Enrollment In Teacher Preparation Programs Down A Third In This Decade: Six Troubling Trends

Enrollment in teacher preparation programs dropped by one third between 2010 and 2018, and several states saw precipitous declines of more than 50%. Those are two of the main findings from a study released this week by the Center for American Progress, the progressive, D.C.-based think-tank.

No one should be surprised about the fact that fewer students are studying to be teachers—that decline has been well-documented for years—but the dramatic size of the decrease and several underlying shifts that accompany it are jolting indictors of just how far a teaching career has fallen as a preferred profession.

Here are six key findings from the report, which analyzed data from all teacher preparation programs receiving federal funding. (Note: The data are referred to by the year reported, which is one year after the academic year in which they were collected.)

Enrollment declines were widespread. Nationally, one-third fewer students enrolled in teacher preparation programs in 2018 than in 2010; only five states—Utah, Arizona, Washington, Texas and Nevada experienced increases in teacher prep enrollments. Nine states saw declines of more than 50%. Oklahoma had the dubious distinction of leading this category, with an 80% enrollment drop; it was followed by Michigan, Pennsylvania, Delaware, Illinois, Idaho, Indiana, New Mexico, and Rhode Island.

The number of completers of teacher preparation programs also fell. Between 2010 and 2018, 28% fewer students completed teacher preparation programs. Here is what that means in terms of available new teachers. From 2003 through 2013, more than 200,000 students graduated from teacher preparation programs each year; in 2018, however, fewer than 160,000 students completed such programs.

Traditional programs, based at accredited institutions of higher education (IHE), suffered the biggest declines. The majority of teacher prep programs are housed in colleges of education at public and nonprofit colleges and universities, where students complete a BA or MA curriculum satisfying certification requirements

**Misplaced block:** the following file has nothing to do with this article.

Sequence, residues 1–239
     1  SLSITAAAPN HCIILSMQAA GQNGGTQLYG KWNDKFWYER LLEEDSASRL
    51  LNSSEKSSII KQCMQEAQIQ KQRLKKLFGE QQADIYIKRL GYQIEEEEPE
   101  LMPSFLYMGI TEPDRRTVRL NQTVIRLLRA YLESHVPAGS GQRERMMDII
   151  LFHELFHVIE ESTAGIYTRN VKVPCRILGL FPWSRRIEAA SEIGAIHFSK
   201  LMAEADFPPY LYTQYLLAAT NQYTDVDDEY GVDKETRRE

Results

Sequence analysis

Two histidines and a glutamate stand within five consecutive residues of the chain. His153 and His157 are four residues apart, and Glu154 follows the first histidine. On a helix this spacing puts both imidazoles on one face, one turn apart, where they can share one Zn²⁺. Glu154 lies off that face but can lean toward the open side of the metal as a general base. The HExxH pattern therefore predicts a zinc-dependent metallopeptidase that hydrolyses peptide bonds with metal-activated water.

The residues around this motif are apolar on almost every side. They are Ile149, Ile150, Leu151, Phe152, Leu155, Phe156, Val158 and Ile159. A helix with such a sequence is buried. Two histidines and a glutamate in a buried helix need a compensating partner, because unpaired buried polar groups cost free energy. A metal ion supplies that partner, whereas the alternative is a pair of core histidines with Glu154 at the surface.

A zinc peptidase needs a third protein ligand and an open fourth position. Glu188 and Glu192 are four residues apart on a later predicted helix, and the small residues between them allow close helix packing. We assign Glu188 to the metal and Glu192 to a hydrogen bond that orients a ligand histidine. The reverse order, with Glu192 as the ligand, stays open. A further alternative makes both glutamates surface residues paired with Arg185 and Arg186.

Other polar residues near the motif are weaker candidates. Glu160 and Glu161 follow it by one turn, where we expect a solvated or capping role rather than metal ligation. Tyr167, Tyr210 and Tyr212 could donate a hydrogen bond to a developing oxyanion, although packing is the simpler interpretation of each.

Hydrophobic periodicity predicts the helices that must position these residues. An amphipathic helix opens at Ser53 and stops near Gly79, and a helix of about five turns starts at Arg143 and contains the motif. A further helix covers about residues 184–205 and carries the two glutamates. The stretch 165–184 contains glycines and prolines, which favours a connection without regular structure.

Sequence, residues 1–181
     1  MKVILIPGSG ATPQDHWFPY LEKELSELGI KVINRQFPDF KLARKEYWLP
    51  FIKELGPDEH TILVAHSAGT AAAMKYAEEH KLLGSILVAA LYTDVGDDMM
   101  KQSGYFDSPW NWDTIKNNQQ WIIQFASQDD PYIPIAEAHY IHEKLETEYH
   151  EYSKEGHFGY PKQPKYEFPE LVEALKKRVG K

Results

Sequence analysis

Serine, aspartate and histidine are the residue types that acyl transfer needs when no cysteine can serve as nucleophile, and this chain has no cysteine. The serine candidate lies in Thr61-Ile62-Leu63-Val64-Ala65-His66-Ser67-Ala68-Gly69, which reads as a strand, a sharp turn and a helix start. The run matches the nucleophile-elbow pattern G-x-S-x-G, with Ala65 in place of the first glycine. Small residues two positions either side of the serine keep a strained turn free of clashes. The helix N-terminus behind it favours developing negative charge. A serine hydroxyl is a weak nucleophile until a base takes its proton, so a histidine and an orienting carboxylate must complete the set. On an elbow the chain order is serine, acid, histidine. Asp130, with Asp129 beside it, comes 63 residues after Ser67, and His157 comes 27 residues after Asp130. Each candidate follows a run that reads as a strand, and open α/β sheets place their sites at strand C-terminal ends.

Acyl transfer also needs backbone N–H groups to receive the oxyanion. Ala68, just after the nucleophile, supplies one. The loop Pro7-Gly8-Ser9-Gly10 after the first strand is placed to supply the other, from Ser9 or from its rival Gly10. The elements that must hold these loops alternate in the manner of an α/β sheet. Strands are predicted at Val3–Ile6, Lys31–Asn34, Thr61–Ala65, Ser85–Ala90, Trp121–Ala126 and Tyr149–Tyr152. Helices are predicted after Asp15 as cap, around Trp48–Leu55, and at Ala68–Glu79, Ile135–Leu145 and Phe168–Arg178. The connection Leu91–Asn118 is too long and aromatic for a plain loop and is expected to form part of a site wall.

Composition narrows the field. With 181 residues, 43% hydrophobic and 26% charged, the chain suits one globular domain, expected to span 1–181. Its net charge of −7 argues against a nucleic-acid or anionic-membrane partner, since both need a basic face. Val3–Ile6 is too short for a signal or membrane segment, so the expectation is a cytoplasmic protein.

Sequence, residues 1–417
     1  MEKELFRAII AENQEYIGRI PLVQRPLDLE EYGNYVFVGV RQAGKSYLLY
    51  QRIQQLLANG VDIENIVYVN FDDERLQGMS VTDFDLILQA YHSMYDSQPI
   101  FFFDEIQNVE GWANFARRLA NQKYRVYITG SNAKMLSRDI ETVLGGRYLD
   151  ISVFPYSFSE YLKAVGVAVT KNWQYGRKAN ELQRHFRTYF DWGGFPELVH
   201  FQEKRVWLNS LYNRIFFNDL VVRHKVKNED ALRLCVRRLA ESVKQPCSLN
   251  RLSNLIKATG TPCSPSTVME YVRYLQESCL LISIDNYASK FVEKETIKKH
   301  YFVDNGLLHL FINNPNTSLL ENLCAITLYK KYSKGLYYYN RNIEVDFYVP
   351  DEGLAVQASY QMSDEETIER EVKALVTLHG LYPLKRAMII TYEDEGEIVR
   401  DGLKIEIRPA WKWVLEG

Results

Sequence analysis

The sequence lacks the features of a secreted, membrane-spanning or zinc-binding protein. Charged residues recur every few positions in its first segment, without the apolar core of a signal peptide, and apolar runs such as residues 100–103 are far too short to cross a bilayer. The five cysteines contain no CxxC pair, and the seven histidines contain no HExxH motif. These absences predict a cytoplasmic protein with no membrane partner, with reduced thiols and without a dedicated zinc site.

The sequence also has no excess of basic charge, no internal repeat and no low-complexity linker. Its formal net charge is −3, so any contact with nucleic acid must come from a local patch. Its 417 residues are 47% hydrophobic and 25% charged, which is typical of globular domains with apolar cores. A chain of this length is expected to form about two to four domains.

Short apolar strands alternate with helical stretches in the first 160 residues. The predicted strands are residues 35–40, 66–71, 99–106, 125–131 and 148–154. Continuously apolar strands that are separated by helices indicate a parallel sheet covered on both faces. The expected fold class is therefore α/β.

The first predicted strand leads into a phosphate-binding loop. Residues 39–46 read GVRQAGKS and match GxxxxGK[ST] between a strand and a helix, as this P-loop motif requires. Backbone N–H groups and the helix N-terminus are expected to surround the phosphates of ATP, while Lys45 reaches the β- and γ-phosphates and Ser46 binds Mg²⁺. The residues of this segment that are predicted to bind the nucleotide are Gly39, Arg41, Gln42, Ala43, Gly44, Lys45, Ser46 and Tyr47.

Another pathway is alternative certification programs offered at IHEs or increasingly by for-profit organizations. These programs typically cater to individuals who already have a bachelor’s degree of some type, allowing them to meet state teaching requirements in a shorter time frame, through a trimmed-down schedule of courses and practice teaching.

Although there were large variations between states, overall enrollment in traditional IHE-based teacher preparation programs decreased by 43% from 2010 to 2018 and alternative programs in IHEs dropped 19%. Conversely, enrollment in non-IHE alternative certification programs increased by 42% in this same time period. The increasing enrollment in alternative certification programs was large enough to account for a slight increase in national enrollment between 2016 and 2018.

Enrollment declines varied by race and ethnicity. Enrollment declined by more than half for students who identified as Native Hawaiians or Pacific Islanders and American Indian or Alaska Native. These decreases were followed by Whites (45%), Asians (33%), Hispanic or Latinx (27%) and African Americans (27%).

Most states had larger enrollment declines for men. Nationally, enrollment by women dropped by 38% across the decade, compared to a 44% decrease for men. Declines were steeper for men in most states. Using the Oklahoma example again as an illustration, male enrollment plummeted by 91%, while female enrollment dropped 79%.

Program completions also varied by fields of concentration. Completions were down by 29% in elementary education. Content areas with persistent teacher shortages—science, technology, engineering, and math (STEM)—decreased by 27%. Special education experienced a decline in completers of 14%. The one exception to this pattern was for those who earned credentials for teaching English-language learners or bilingual education, where there was a 30% increase.

Enrollment can be a "proxy for interest in the teaching profession," said Lisette Partelow, the author of the report, adding that some of these declines, are "quite worrying.” Indeed, the trends are troubling, particularly as they are accompanied by recent increases in the number of teacher strikes, the inadequacy of teacher salaries in most states, and the difficult—often unsafe—working conditions with which teachers must contend.

And add one more change that college leaders should find especially concerning - the shift away from traditional institution-based education for prospective teachers to alternative certification programs run on the quick and for a profit.

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I am president emeritus of Missouri State University. After earning my B.A. from Wheaton College (Illinois), I was awarded a Ph.D. in clinical psychology from the Unive...